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Corylus avellana 'Contorta'/Harry Lauder's Walking Stick

Corylus avellana 'Contorta' / Corylus avellana 'Contorta'
Striking sculptural form with a blanket of snow background
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Striking sculptural form with a blanket of snow background

Hanging catkins and interesting dormant sculptural form

Specimen shrub

Catkins

Sculptural branching

Catkins on a heavily branched specimen walking stick

Specimen adjacent to a garden pool in winter

Winter specimen

Close-up of a branch

Sculptural branching with abundant dangling catkins in spring

Large specimen in front of a governmental building in Washintton, DC

A closer view of an established plant

Has contarted trunk and branches

Branches have controted like gowths on them

A contorted, cascading, leafy branch in spring

Low branching, contorted specimen in early spring

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Scientific Name: Corylus avellana 'Contorta'
Common Name: Harry Lauder's Walking Stick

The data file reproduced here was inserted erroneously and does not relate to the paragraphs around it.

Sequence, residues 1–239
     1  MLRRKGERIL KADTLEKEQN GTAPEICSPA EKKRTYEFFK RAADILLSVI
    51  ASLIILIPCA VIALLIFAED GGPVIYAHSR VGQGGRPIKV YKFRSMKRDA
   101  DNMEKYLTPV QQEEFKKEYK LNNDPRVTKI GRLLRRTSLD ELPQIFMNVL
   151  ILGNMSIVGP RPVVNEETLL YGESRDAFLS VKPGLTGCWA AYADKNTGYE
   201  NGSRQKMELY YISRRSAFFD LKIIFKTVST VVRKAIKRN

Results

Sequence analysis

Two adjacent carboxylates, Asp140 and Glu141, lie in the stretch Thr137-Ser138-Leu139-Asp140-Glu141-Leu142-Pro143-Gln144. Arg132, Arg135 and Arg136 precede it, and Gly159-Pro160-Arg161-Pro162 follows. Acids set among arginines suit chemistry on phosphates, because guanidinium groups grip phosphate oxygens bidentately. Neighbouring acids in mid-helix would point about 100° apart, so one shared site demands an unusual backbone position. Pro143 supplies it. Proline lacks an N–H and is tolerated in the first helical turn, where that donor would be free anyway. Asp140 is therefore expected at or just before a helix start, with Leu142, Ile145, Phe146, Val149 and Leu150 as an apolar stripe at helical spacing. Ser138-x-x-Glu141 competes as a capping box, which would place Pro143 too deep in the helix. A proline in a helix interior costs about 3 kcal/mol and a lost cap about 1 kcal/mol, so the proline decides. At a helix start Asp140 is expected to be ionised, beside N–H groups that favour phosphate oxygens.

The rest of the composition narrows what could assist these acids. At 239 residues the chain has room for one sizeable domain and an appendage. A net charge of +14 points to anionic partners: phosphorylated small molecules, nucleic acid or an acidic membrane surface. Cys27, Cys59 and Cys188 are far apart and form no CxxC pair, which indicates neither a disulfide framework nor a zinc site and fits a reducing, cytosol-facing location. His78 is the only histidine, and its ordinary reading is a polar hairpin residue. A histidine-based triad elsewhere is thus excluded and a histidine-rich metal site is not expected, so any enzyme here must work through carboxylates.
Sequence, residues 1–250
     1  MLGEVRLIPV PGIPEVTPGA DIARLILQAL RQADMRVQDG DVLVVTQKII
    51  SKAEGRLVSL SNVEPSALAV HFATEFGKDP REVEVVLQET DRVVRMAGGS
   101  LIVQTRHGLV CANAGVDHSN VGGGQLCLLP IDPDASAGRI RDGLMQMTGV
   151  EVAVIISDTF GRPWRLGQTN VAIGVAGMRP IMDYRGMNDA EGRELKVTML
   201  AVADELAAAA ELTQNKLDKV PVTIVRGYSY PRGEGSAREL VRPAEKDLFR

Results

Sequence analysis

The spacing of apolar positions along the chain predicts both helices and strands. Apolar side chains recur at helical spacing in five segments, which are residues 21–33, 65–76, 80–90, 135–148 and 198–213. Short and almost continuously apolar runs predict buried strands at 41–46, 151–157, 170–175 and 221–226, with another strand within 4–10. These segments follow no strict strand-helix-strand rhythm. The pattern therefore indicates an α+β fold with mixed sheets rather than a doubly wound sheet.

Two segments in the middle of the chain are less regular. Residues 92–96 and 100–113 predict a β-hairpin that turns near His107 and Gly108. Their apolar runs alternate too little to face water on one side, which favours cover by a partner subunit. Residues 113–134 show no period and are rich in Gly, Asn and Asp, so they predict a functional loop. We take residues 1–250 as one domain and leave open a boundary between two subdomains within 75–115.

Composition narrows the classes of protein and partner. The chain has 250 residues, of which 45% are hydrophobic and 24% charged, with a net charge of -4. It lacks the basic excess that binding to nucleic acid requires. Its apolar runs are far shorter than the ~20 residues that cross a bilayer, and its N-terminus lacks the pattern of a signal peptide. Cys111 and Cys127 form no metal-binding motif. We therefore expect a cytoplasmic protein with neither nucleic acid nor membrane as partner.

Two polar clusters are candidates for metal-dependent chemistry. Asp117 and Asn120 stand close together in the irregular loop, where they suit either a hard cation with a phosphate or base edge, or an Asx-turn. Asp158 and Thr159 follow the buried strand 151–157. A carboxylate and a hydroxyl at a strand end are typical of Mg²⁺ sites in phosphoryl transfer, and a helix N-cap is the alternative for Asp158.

Plant Type: Deciduous
Leaf Type: Broadleaf
Hardiness Zone: 4, 5, 6, 7, 8 Determine Your Zone
Height: 8-10 feet
Spread: 5 - 10 feet
Bloom time: Spring
Flower color: Yellow
Light Exposure: Sun, Part Sun
Drainage: Well drained, Moist, Dry
Rate of Growth: Slow
Water Requirement: Medium
Susceptible to insects
and diseases:
Yes
Landscape Categories: Bark, Trunk, and Branch Features
Comments: The twisted and spiraling branches, twigs and leaves of the plant make it a strong accent plant. Sexes on separate plants and the long, drooping catkins are quite prominent in late winter. Best adapted to the upper South and farther north. Does not receive enough chilling hours of cold in the lower South. In the lower South they produce mostly lush foliage without the interesting twisted, contorted growth. Remove side suckers on young plants because most cultivars are grafted and may produce side shoots that are not of the desired species. Some drought stress is good for a more contorted growth.